Feb 6, 2013, 11:25 AM
The Gambia joined the world in cerebrating World Malaria Day on 25 April under the Ministry of Health and Social Welfare, in collaboration with partners such as National Malaria Control Program (NMCP), at a programme held in Bwiam Kankuntu, Western Region.
Speaking at the ceremony, WHO country representative Thomas Sukuwa said: “The Gambia needs to strengthen its capacity for malaria data collection analysis and reporting so that our achievements are well reflected in regional and global reports which he believe that the malaria burden in the smiling coast of Africa is declining but concrete evidence nationally needs to be quickly consolidated and shared all roll back malaria partners”.
Dr Sukuwa said: “In The Gambia, strong national political commitment exists to prevent and control malaria and push the disease to pre-elimination phase. Gains have been made at sub-national level in scaling up effective interventions such as case management, indoor residual spraying, distribution of ITNs and IPT.”
He noted that gaps still exist in the timely collecting, collating, analyzing and reporting national data on the status of malaria in The Gambia.
Dr Sukuwa explained that the 2011 WHO world malaria report indicates that the African region accounts for 81% of the malaria cases that occur worldwide, adding that over 90% of deaths due to disease occur in the region and 86% of these deaths are among children below five years of age.
Minister of Health and Social Welfare Fatim Badjie, in her keynote address, told the gathering: “In The Gambia malaria remains to be a public health challenge and is the probable cause of 4% of infant deaths and 25% of deaths in children 1 to 4 years.”
She noted that although the economic burden of malaria has not been fully determined, there is no doubt that the disease accounts for considerable loss days of productivity among the adult population, absenteeism from school and workplaces and increased household expenditure on health”.
Minister Badjie said the theme for this year heralds the international community’s renewed efforts to assess progress towards roll back malaria objectives of zero malaria deaths by 2015, investments in malaria control have created unprecedented momentum and yielded remarkable returns in the past years.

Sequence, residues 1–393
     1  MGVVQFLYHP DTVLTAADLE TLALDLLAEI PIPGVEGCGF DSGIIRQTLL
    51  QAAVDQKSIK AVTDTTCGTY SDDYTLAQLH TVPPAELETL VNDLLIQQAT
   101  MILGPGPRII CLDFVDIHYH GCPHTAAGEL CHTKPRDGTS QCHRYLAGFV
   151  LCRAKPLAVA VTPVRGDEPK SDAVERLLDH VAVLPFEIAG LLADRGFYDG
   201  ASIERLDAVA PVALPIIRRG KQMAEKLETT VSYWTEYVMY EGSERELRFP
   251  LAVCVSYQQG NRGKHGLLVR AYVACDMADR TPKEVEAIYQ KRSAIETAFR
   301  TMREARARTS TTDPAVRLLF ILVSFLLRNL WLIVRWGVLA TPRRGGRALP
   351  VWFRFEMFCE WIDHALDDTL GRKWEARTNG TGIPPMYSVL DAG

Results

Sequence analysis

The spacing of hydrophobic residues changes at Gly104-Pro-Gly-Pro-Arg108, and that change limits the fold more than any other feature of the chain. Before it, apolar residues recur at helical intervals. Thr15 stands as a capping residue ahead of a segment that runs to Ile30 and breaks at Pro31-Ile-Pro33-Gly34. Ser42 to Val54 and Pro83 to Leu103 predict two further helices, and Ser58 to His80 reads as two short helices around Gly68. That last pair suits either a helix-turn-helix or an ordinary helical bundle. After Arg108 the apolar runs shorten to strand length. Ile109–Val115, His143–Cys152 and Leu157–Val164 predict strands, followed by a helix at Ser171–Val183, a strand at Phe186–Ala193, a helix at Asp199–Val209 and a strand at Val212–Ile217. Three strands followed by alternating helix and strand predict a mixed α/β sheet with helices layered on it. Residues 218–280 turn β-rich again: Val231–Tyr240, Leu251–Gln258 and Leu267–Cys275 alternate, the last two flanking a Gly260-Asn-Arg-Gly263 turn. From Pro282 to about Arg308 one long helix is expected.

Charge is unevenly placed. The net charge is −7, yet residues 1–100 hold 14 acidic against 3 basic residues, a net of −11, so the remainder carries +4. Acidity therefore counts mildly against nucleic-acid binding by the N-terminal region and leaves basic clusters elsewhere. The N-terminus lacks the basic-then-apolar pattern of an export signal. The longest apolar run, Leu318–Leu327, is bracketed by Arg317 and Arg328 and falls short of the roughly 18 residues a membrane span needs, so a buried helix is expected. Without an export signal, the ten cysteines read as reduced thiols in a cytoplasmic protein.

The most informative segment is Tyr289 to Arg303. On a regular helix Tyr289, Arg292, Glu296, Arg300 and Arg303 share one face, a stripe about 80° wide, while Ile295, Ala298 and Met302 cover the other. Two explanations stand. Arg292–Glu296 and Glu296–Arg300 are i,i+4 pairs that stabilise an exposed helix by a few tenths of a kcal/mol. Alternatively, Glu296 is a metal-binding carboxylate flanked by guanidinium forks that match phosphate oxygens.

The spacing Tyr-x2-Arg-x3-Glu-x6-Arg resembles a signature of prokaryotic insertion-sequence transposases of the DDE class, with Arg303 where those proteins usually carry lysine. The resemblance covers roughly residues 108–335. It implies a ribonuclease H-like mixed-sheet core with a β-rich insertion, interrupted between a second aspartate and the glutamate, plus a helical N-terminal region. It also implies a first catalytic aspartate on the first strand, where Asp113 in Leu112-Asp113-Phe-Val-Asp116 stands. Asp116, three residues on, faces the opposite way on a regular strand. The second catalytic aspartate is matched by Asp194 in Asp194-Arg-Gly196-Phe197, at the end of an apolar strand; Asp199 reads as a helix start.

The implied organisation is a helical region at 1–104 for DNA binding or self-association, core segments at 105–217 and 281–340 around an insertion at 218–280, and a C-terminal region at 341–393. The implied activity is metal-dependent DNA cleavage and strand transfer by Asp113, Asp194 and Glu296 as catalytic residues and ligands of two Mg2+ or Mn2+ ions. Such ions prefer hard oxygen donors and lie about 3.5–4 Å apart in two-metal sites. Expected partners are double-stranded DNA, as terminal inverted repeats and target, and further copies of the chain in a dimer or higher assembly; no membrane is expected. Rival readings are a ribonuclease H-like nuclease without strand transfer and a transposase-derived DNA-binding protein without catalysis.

These gains are fragile and will be reversed unless malaria continues to be a priority for global, regional and national decision-makers and donors.
Minister Badjie said further: “Sustaining malaria control efforts is an investment in development. Continued investment in malaria control now will propel malaria endemic countries toward near zero deaths by 2015 and achieving the millennium development goals, especially those relating to improviding child survival and maternal health, eradicating extreme poverty and expanding access to education.”
Minister Badjie finally called upon all municipalities, communities, civil society organizations, women and men groups, schools and all other partners to join forces to roll back malaria.
According the programme manager of NMCP, Adam Jagne Sonko, “the day is a unified commemoration of global efforts to provide effective control of malaria around the world.
He added that the day also provides the opportunity for education and understanding of malaria and spread information on year-long intensified implementation of national malaria-control strategies, including community-based activities for malaria prevention and treatment in all endemic countries.
This is decisive juncture in the history of malaria control; whether the malaria map will keep shrinking, as it has in the past decade, or be reclaimed by the malaria parasites depends to a great extent on the resources that will be invested in control efforts over the next years, Madam Sonko told the gathering.
The governor of western region, Lamin Sanneh, assured the gathering that his office will ensure inclusion of malaria issues in the country’s development agenda since malaria is not only a health problem but developmental one, adding that they will continue to support the regional health teams and Ministry of Health and Social Welfarein their quest to reducing the malaria incidence and pave the way for a pre-elimination by 2015, by encouraging partnership, resource mobilization at community level and community mobilization to scale up investments into malaria prevention and control activities.
Alhagie Sankareh, regional health team for Western Region, also explained that malaria continues to haunt 40% of the world’s population and it infects more than 500 million people every year and kills more than one million.
Mr. Sankareh said further: “The burden of malaria is heaviest in sub-Saharan Africa and the Gambia is no exception.
“Interestingly, malaria is both preventable and curable, but continues to kill mainly the under 5 years of age and pregnant women.”
The occasion was chaired by Kebba Badjie, executive director at Bwiam Hospital.